Wednesday, October 22, 2008

Honey-wine, Injera, and Lentils

Vegetarians and meat-eaters alike can enjoy a fine meal together at the best Ethiopian restaurant in town. The Blue Nile in the Irvington District offers a cozy atmosphere with pictures of the Nile River and beautiful craft work lining the walls.

Owner Gebi Yemane said that every family has their own special way of preparing Ethiopian food, and she learned from her mother to cook simply, with high-quality ingredients. She makes everything from scratch, including Injera, a large pancake-shaped flat bread made from freshly ground Teff mixed with water and allowed like sourdough to ferment for two or three days before it's cooked. The increasing number of people who find themselves stuck with a wheat allergy will be happy to learn that Teff is an ancient grain with tons of nutrition and very-little gluten.

The beef and chicken tibs are flavored to perfection. If you like to try a bit of everything, the beautiful combination plate for two is only $18. It includes, greens, and lentils spiced with garlic, onions, turmeric, cayenne, and olive oil and an incredibly tasty potato and spinach dish. Instead of using a fork you break off a piece of Injera, dip it in the lentils, and enjoy bite after bite of heavenly flavors blissing out your taste buds.

Vegetarians will also enjoy the atikilt alitcha (sautéed green beans, carrots, cabbage, and potatoes).

Gebi Yemane, 42, is studying at OHSU to become a nurse. She hopes to finish up in about two or three years. Her sister, brother and other family members help out when they can, but Gebi says she insists on doing the cooking herself. Her husband, who works for Oregon's DSHS, spends time working in the Blue Nile on his days off.

Blue Nile Cafe
2225 NE Broadway St
Portland, OR 97232

Getting There: Is easy. It's on the #9 TriMet line, or take MAX to Lloyd Center and bike or walk North on 15th to Broadway and up Broadway to 22nd. (15 minute walk)

Monday, October 13, 2008 : Handmade Creations You'll Adore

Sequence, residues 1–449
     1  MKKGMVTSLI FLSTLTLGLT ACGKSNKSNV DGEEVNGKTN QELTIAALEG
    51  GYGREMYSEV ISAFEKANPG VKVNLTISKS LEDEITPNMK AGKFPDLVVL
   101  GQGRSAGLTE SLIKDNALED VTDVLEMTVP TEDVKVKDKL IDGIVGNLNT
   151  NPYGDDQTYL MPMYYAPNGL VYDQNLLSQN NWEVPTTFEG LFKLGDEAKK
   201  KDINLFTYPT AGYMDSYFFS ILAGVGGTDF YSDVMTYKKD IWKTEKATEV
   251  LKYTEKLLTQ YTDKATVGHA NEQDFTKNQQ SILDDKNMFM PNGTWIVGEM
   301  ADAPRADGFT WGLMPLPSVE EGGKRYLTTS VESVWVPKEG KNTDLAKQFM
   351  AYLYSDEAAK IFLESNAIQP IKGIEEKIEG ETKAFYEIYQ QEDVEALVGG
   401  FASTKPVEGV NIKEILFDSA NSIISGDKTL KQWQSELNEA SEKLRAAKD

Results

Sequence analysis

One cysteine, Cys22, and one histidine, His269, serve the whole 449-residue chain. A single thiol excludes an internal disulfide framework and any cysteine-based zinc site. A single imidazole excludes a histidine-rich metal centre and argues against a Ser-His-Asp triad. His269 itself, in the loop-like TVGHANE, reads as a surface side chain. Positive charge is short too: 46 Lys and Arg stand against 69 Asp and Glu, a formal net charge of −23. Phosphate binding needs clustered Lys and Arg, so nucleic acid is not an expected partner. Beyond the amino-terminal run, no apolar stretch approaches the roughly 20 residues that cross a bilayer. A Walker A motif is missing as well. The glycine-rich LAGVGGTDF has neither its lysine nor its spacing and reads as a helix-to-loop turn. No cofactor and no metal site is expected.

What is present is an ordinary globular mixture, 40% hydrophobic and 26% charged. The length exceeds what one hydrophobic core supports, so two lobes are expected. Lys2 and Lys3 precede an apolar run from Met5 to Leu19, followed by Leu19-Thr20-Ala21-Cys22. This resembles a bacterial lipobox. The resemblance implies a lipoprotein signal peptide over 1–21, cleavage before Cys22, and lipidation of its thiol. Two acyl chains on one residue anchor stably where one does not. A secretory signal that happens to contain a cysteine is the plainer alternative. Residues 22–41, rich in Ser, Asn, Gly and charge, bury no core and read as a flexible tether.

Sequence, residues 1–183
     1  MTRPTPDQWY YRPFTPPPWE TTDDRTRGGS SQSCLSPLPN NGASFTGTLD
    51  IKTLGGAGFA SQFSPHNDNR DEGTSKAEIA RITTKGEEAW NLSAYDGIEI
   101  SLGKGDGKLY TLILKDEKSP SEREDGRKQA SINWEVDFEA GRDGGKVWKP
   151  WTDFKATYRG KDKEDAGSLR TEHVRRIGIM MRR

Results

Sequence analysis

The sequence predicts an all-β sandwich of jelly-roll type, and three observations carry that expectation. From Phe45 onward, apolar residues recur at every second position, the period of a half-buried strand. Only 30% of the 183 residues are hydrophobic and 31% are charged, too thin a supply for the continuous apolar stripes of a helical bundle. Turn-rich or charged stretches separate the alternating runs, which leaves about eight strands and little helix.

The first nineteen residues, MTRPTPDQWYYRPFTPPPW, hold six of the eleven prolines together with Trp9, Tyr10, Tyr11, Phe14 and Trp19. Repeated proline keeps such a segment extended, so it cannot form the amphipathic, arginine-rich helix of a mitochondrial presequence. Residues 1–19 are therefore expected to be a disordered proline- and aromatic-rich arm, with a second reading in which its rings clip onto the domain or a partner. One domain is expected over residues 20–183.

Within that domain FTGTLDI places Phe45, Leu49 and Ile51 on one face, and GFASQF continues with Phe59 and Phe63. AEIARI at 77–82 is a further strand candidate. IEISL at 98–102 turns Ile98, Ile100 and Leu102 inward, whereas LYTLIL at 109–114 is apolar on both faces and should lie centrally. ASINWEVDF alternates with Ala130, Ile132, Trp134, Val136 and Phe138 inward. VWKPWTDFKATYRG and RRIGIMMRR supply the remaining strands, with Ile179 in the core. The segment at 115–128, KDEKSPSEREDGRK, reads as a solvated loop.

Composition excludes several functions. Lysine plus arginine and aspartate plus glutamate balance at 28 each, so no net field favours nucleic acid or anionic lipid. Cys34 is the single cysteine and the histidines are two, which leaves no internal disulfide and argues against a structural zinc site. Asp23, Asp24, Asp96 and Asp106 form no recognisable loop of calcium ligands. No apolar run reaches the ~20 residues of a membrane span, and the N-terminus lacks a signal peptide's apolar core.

If you're looking for a green-friendly place to shop for clothes or gifts or purses and jewelry check out It's the coolest place! Crafty, talented folks from all over the world now have a way to sell their handmade goods at a reasonable price and still make money because they don't have to go through a retailer. Many artisans make skirts and bags and dresses from second hand goods, reusing the material to sew up a modern design. By using the geographic map you can find etsy groups close to where you live to reduce carbon footprint shipping. And what makes this site really wonderful is that the owners don't take advantage of their sellers. A person can actually do what they love and make some money. You will love this.

My site is here:

Podcast Review

You might have heard how much rain we get in our beloved Portland, and most of us kind of like it. When the rain pours, we get to stay inside and work on our DIY projects, write novels, practice yoga, and eat lots of chocolate. That means we need to find podcasts to listen to, so we don't have to turn on "As The World Turns" or "Racheal Ray."

In this blog, I will write a podcast review whenever I find one I absolutely have to tell you about. has more than six hundred free podcasts. The most recent program from "WBGH Forum Network Book Tour" helps you combat Palin fatigue with brilliant evolutionist Lynn Margulis. In this talk, Margulis tells stories from her latest book Luminous Fish: Tales of Science and Love.

You need to have a fascination with science and bacteria and vivid descriptions like "spirocetes munching on Nietzche's braincells" to enjoy Margulis weave the story of Nietzsche's struggle with syphilis to the facts about the disease your doctor won't tell you. She describes our modern day delusions about the syphilitic cells doctors claim to be killing with antibiotics, while in reality the spirocetes lie dormant in cysts waiting to reawaken. And Nietzche's genius may have been partly caused by the illness. He did some of his most brilliant work the year before he was taken over by thrid stage madness. Take that story of evolution Miss Palin

Margulis has a strong enthusiastic voice that leads you through a "red shoe" dilemma she found herself in while pursuing her passion for science while trying to keep her family happy. . . and her hatred of the word, "role model."

You've got to hear this podcast. It's really interesting!

Sunday, October 12, 2008

The First Frost

Last night, I heard a flock of geese at 10 pm, and then again at midnight, and I went outside to see the huge silvery wings in the moonlight, drifting through city lights reflecting off low clouds. It was a global-warming, fall-too-hot, frost-too-early feeling. I felt concerned about the geese because their calls sounded troubled and frantic until I felt the strength of their wings, and the rhythmic pulse of their calls. A train clattered onto the bridge across the Willamette River, and in the quiet, the vibrating tracks and tons of steel, turned the geese calls into misty whispers. I watched the geese angle toward downtown Portland and wondered if they fly between skyscrapers or find their way around them and how many night owls were quietly witnessing their courage.